CAPE CANAVERAL, Fla. — When Blue Origin launches people into space for the first time, founder Jeff Bezos will be on board. No test pilots or flight engineers for Tuesday’s debut flight from West Texas, just Bezos, his brother, an 82-year-old aviation pioneer, and a teenage tourist. The capsule is entirely automated, unlike Richard Branson’s Virgin Galactic rocket plane that required two pilots to get him to space and back a week ago.
Branson’s advice? “Just sit back, relax, look out of the window, just absorb the view outside,” he said on CBS’ “The Late Show with Stephen Colbert. Differences in quirks and rockets aside, the billionaire rivals are gearing up to launch just about anybody willing to shell out hundreds of thousands of dollars for a brief up-and-down space hop.
A brief look at what awaits Bezos and his passengers:
BEZOS ON BOARD
The first American in space, and his more giant, still-in-development New Glenn rocket after John Glenn, the first American in orbit. The 57-year-old Bezos — who also owns The Washington Post — stepped down as Amazon’s CEO earlier this month and last week donated $200 million to the Smithsonian Institution to renovate its National Air and Space Museum and launch an education center. “To see the Earth from space, it changes you. It changes your relationship with this planet, with humanity,” he said. “It’s a thing I’ve wanted to do all my life.”
WHO ELSE IS FLYING
Bezos personally invited two of his fellow passengers — his 50-year-old brother Mark, an investor and volunteer firefighter, and female aviation pioneer Wally Funk. Joining them will be Oliver Daemen, a last-minute fill-in for a $28 million charity auction winner who had a scheduling conflict. At age 82, Funk will become the oldest person in space. She was among 13 female pilots — the so-called Mercury 13 — who took the same tests in the early 1960s as NASA’s Mercury 7 astronauts but were barred because of their gender. “Finally!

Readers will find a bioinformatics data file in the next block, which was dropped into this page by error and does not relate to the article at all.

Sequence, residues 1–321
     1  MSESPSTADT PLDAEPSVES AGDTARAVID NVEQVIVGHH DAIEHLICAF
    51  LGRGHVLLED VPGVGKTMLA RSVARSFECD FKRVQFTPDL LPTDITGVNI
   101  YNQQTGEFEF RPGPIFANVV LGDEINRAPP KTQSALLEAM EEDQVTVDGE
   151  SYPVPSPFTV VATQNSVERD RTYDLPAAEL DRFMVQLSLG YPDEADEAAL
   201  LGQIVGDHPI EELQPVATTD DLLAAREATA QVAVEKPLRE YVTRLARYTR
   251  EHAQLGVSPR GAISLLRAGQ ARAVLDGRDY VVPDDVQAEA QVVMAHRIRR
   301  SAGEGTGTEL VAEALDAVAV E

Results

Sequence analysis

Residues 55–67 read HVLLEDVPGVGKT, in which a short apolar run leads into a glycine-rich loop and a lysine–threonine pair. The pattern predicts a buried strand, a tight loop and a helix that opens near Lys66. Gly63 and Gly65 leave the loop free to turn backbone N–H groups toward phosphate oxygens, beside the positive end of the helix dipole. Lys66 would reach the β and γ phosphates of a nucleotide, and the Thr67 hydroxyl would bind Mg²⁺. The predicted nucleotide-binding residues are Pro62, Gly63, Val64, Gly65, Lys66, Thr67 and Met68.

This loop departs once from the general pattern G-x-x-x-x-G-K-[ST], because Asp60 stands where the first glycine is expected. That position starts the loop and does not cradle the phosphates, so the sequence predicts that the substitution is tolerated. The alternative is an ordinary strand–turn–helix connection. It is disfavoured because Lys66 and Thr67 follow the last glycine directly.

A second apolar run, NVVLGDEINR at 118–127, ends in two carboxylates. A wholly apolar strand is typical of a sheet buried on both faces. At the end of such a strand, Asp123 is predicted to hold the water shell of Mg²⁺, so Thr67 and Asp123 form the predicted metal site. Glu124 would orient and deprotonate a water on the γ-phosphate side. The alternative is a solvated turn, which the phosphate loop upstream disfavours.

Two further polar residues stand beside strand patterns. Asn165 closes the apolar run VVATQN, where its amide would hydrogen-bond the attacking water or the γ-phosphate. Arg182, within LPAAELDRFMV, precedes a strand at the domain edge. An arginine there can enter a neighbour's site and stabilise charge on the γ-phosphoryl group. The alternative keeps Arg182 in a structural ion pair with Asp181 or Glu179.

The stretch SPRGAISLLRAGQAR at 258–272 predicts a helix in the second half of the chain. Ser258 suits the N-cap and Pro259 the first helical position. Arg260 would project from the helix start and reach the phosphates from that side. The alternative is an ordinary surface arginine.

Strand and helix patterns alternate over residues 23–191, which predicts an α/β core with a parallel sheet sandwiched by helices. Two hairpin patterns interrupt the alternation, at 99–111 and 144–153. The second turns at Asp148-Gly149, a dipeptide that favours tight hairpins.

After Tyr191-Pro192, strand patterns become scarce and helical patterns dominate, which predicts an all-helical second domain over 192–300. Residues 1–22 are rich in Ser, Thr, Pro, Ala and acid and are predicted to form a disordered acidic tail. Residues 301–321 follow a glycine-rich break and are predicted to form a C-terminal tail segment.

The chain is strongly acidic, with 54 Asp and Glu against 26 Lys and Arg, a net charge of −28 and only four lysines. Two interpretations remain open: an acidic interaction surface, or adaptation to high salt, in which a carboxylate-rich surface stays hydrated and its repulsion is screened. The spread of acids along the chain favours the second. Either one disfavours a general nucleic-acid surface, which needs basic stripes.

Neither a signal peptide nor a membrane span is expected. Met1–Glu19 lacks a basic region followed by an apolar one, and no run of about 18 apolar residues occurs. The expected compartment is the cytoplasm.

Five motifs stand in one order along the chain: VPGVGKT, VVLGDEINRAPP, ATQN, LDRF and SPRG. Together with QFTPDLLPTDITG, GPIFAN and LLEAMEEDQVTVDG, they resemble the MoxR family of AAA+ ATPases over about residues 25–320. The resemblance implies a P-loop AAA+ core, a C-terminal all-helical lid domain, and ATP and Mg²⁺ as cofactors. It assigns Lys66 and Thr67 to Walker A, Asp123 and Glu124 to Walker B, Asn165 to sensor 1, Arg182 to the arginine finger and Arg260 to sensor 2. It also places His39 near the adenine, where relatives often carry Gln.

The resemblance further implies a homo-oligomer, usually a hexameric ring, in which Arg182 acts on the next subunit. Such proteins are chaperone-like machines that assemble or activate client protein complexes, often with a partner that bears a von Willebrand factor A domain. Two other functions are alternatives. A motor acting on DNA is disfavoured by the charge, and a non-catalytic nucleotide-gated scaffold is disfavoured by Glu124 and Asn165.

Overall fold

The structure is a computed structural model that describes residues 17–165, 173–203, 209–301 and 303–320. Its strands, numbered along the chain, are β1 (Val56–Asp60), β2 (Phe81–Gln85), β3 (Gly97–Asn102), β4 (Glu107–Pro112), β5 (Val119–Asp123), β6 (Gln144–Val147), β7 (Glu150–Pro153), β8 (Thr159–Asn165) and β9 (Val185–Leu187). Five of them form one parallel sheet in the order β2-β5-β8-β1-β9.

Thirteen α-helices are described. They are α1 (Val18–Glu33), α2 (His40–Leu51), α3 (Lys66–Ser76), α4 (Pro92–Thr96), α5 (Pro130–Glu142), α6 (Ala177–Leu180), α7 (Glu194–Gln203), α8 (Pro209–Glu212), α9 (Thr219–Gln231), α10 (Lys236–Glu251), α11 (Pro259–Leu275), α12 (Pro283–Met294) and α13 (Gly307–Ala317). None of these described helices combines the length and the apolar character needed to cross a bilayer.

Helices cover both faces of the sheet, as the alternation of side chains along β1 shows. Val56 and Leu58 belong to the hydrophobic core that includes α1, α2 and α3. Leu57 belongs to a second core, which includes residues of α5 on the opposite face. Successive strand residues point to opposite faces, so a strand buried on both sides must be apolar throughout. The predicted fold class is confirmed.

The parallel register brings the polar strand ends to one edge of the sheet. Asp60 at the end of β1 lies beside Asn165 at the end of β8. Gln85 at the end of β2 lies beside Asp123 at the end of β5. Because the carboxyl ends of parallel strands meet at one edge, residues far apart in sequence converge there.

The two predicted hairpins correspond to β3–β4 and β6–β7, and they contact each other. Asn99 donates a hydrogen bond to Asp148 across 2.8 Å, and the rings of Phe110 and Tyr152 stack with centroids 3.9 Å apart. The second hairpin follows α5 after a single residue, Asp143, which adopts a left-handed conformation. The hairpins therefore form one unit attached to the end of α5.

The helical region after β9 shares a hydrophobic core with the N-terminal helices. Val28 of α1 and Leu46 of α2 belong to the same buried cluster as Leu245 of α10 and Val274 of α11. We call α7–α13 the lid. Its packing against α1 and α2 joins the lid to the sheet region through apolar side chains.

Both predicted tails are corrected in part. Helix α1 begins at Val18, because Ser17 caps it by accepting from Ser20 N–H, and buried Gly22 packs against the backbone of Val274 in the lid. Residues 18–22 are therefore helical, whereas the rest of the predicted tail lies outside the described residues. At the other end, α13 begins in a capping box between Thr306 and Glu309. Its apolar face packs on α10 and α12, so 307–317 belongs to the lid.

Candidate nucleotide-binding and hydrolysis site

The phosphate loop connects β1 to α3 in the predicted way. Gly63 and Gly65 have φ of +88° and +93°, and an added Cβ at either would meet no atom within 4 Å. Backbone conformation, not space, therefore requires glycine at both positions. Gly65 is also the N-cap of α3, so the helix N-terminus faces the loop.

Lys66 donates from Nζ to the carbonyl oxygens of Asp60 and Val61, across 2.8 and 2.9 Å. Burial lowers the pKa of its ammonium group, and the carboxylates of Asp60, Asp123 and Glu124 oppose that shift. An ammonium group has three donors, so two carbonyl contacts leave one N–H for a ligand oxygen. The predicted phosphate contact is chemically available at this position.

Funk exclaimed when offered a seat alongside Bezos. As for the Dutch Daemen — who at 18 will become the youngest person in space — his financier father bid on the capsule seat in June but dropped out when the price soared. Blue Origin came calling just over a week ago after the unidentified auction winner switched to a later flight. The teenage space fanatic, who starts college this fall, is Blue Origin’s first paying customer; no word on his ticket cost.
ROCKET AND CAPSULE
While Bezos won’t be the first boss to ride to space on his own rocket, he can claim to strap in for his company’s first human launch. He’s also aiming higher, with an anticipated altitude of about 66 miles (106 kilometers) versus Branson’s 53.5 miles (86 kilometers). Blue Origin’s 60-foot (18-meter)
New Shepard rocket will accelerate toward space at three times the speed of sound, or Mach 3, before separating from the capsule and returning for an upright landing. The passengers will experience three to four minutes of weightlessness before their capsule parachutes onto the desert just 10 minutes after liftoff. That’s five minutes less than Alan Shepard’s 1961 Mercury flight. Blue Origin, though, offers the most significant windows ever built for a spacecraft. Bezos purchased the desolate, parched land for launching and landing rockets. The closest town is Van Horn, with the population of 1,832.